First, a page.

Portrait of a Whistleblower

Jessie Boylan

2011 - 2015

This series chronicles Avon Hudson’s life, from early years growing up in regional South Australia, to service in the Royal Australian Air Force as a Leading Aircraftman, through the experience of British atomic bomb tests, to his “whistle blower” act of revealing Maralinga’s deadly legacy.

What Avon knew, and was prepared to tell publically about Maralinga, contributed to the establishment of the Royal Commission into British Nuclear Tests in Australia (1984-85). His motivation was to put a halt to government plans to return Maralinga to its traditional owners, pending a full clean-up of land still contaminated by radioactive debris.

The story of nuclear testing is unknown to most Australians. Between 1952 and 1963, after a decision made by Prime Minister Menzies alone, nine atomic bombs were exploded and hundreds of ‘minor’ experiments were conducted at the British-run testing ranges at Emu and Maralinga in South Australia. Three bombs were also exploded at Monte Bello Islands in Western Australia.

The impacts of these experiments continue to play out in the ill health and changed lives of both Aboriginal and non-Aboriginal communities, who were exposed to or involved in the tests, over multiple generations. The tests have also left a deep-future legacy of environmental contamination.

It is a portrait of someone with a photographic memory, capable of grasping and articulating every detail of the atomic age as he experienced it.

It depicts a committed citizen and serviceman, husband and father, always an advocate and an activist, who in civilian life became a Wakefield councillor for over 20 years. It shows a practical man – mechanic, wood-turner and furniture maker; and portrays a nature-enthusiast and an educator on environmental and social issues.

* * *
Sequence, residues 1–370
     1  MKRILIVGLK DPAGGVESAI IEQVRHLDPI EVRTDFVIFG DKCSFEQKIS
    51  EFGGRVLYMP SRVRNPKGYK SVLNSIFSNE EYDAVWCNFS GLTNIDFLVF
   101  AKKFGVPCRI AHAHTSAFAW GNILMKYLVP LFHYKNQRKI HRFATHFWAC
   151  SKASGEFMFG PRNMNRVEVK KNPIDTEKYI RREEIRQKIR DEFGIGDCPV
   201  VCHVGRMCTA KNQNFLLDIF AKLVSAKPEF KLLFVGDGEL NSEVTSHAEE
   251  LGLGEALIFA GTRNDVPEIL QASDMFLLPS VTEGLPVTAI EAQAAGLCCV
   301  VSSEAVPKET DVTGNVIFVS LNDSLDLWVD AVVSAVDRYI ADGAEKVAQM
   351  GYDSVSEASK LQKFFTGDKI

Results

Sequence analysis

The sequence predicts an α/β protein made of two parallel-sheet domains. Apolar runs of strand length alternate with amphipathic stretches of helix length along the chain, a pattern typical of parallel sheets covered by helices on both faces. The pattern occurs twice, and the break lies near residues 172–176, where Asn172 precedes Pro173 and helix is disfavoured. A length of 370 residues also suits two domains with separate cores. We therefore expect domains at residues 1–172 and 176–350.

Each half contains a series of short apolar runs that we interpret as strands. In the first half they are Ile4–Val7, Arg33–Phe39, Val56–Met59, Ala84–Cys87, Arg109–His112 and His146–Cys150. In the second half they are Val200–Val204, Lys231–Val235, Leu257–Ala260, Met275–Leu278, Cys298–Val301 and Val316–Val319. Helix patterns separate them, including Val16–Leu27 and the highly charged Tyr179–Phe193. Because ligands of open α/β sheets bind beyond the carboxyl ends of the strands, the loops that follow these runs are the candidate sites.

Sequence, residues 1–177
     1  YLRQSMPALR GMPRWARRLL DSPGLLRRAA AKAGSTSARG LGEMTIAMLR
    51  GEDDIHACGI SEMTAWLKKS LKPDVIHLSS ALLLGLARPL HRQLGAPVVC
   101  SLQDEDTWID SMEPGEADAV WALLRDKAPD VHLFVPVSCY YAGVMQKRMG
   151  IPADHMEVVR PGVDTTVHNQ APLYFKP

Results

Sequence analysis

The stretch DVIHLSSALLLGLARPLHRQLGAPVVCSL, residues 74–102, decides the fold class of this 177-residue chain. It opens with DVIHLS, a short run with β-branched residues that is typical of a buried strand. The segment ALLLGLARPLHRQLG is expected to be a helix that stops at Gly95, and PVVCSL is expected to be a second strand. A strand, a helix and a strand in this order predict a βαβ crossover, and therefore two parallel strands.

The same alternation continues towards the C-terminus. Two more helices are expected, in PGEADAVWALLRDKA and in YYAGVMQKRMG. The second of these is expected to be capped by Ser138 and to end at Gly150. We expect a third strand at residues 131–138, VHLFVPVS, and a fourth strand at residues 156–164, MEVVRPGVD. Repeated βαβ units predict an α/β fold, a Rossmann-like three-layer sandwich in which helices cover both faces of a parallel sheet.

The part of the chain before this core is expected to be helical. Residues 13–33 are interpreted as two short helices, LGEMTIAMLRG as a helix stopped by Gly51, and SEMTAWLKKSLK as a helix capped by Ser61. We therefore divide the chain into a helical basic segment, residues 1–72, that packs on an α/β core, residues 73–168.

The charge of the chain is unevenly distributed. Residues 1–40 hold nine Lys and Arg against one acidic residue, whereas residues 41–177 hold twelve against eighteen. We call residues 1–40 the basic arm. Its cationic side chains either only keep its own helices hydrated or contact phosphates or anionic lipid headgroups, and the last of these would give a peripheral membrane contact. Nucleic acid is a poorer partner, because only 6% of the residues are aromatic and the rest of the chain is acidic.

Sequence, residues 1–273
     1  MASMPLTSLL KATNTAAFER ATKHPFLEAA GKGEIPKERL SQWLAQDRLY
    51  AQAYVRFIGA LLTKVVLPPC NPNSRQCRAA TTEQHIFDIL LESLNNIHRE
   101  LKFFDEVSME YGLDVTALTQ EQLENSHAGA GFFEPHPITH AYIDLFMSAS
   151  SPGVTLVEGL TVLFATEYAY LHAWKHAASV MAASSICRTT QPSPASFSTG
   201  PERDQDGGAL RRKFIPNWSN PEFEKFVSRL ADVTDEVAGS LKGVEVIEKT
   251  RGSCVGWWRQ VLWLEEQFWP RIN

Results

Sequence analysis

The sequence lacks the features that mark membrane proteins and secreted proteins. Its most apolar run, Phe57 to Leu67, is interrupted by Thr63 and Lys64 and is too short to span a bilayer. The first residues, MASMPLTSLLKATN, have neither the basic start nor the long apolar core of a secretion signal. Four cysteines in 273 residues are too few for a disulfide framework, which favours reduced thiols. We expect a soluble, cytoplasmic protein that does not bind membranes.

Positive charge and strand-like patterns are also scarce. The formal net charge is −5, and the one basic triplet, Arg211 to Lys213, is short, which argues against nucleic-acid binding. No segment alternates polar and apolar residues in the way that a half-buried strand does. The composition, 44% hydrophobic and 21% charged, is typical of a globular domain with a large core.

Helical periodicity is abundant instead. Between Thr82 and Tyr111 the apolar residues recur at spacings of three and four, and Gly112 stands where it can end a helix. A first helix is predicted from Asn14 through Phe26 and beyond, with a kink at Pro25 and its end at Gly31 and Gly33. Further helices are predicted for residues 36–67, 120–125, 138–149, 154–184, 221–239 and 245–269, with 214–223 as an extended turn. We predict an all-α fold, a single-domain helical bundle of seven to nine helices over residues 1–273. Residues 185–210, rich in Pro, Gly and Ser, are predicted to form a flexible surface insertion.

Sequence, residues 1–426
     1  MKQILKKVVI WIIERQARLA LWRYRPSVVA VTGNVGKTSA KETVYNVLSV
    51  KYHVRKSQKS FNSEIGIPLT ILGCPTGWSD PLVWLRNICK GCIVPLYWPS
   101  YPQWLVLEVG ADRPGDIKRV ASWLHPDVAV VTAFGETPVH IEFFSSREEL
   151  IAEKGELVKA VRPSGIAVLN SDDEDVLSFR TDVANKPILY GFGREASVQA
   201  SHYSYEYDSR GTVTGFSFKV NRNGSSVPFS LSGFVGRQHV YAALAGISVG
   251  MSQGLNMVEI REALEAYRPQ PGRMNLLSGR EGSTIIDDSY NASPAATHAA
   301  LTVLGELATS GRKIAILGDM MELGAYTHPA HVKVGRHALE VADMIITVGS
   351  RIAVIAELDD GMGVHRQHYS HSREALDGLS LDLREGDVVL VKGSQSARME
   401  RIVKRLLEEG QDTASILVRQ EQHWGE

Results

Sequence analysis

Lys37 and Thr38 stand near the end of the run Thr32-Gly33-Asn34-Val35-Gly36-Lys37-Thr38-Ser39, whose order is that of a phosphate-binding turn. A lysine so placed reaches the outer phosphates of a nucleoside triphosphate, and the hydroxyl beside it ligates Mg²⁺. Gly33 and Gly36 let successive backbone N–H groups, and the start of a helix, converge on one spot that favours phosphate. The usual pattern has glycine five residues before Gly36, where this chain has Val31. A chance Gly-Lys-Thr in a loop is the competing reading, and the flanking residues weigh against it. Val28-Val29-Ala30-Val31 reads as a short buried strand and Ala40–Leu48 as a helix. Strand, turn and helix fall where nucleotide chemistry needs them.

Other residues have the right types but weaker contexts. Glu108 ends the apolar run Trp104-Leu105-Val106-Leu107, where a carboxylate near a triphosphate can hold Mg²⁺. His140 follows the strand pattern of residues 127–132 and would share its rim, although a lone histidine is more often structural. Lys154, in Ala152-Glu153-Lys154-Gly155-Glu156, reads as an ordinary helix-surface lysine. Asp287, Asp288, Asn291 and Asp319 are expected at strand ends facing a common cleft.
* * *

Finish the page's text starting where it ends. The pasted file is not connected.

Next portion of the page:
It is also a portrait of someone who has invariably lived by his convictions – as that’s what whistleblowers do. Since the 1970s, Avon has campaigned for recognition of nuclear veterans and civilian personnel. As his co-authored book “Beyond Belief” records, “His life has been deeply affected by a sense of injustice and by the callousness of successive Australian and British governments ignoring the plight of those caught up in ‘the grand game’.”

This series is a recognition and celebration of the significant role Avon has played South Australia's unfolding atomic history. His life as an activist seems to belong to the present, as the future of nuclear science and technology is considered anew.

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  • Avon’s scrapbook cover 1984-1985
    Reproduced from original document

  • Blue Steel, a piece of rocket engine powering the Blue Steel missile as part of weapons testing program at Woomera, South Australia. Avon was a driver at the Woomera rocket range for two years between 1962-64, 2015

  • Avon Hudson holds a photograph of himself from 1954 at home in his archives room.

  • The Australian Nuclear Veterans Association comprehensively documented servicemen’s posts and their illnesses associated with their work, since no one else was doing it. These documents are currently kept in Avon Hudson's archives in his home. Many of Avon's archives will be moved to the State Library of South Australia when Avon is ready to part with them.

  • Back row (left to right): Eric Hudson, Bob Hudson, and Allan Hart (friend), Avon centre front, Avon’s father Harry Hudson is walking up in background.
    Photographer unknown